If you think a mobile-friendly website is not that important, think again. Google recently announced that it is switching to a “mobile first” index, which means that Google will index at your mobile website as your primary site, and that will determine your search engine rankings. If you don’t have a mobile-friendly site this could have a huge negative impact on your current search engine rankings, or future rankings if you’re working on optimizing your website for search engines (SEO).
The Increasing Influence of Mobile
According to ComScore:
- In May of 2016, mobile devices (smartphones and tablets) accounted for 60% of total digital media time spend.
- In 2015, mobile searches exceeded desktop searches for the first time
And according to the Google study What Users Want Most from Mobile Sites Today:
- 74 percent (of study participants) say they are likely to return to a company’s site in the future, if it is a mobile-friendly site.
- 48 percent feel frustrated and annoyed if a company doesn’t have a mobile-friendly site.
- 52 percent are less likely to engage with a company that has no mobile website.
But maybe you’ve heard these stats but don’t think they apply to you because your website is a business to business site? Think again. In 2015 Google partnered with Millward Brown Digital to survey 3,000 B2B decision makers about their research and purchase habits. According to the study:
- 42 percent of researchers use a mobile device during their B2B purchasing process.
- Search activity for those using a smartphone has intensified. Google is reporting a 3X growth in mobile queries.
- B2B researchers are not just using mobile devices when they are out of the office; 49 percent of B2B researchers who use their mobile devices for research do so while at work.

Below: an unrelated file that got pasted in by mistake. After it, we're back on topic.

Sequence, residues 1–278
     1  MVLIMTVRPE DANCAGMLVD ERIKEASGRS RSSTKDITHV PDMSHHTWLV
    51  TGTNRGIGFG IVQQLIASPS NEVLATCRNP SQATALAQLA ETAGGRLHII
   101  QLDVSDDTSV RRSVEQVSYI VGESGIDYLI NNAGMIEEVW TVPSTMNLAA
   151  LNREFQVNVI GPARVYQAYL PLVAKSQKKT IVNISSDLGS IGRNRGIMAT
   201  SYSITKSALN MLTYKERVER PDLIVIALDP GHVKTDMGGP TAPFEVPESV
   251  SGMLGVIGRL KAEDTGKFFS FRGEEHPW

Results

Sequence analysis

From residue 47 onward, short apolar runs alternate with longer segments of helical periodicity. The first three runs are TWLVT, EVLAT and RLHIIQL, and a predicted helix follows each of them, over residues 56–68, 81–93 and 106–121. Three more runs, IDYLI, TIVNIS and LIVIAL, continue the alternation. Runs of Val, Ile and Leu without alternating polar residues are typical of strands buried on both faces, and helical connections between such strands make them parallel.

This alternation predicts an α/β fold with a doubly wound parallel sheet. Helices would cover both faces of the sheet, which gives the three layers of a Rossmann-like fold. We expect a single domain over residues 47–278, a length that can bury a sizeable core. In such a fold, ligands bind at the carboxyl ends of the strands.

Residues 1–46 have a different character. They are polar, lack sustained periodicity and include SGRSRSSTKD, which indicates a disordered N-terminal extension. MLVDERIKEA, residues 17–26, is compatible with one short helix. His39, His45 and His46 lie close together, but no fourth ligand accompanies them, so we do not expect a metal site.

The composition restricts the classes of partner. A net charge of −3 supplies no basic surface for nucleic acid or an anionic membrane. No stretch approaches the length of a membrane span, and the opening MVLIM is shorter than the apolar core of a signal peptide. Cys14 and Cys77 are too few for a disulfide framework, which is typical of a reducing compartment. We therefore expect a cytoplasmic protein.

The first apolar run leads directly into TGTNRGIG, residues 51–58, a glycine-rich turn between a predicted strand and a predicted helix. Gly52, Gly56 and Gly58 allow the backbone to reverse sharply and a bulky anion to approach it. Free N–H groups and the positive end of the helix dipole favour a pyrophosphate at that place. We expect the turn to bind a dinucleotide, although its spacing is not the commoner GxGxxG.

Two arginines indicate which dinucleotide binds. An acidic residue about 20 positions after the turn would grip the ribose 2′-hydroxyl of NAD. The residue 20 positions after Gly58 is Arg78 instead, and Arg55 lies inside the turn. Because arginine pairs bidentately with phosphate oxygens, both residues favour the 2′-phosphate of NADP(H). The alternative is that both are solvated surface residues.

So, whether your customers are consumers, businesses or professionals, they’re using mobile devices as a key part of the entire purchasing process—from consideration through transaction.
The Good News
While Google is currently rolling out its new index, you still have time to get your site in shape. If you haven’t redesigned your website to be mobile-friendly, the time is now. Chief Internet Marketer can evaluate your current website, recommend improvements, make your site mobile-friendly and position you to begin to build those all-important search engine rankings.
Contact us today for a comprehensive recommendation for website redesign.
Link building remains one of the most effective ways to build your website’s rankings. Despite the misuse of this strategy and the resulting penalties handed out by Google during the Penguin and Panda updates, getting good quality links continues to tell Google that your website is authoritative. Links from high authority sites also bring quality traffic and leads to your website.
Find a piece of old content and update it. Search on one of your keywords, and then look at the content that is on page one and two. Chances are you’ll find a topic that’s relevant, but the website it is on hasn’t updated the content, possibly in years. Write a good article on that particular topic then use a back linking tool like SEMrush or Ahrefs to find authoritative sites that have linked to the old article. Reach out to them with your new, improved article. Chances are if it’s relevant to their business, they link to yours as well.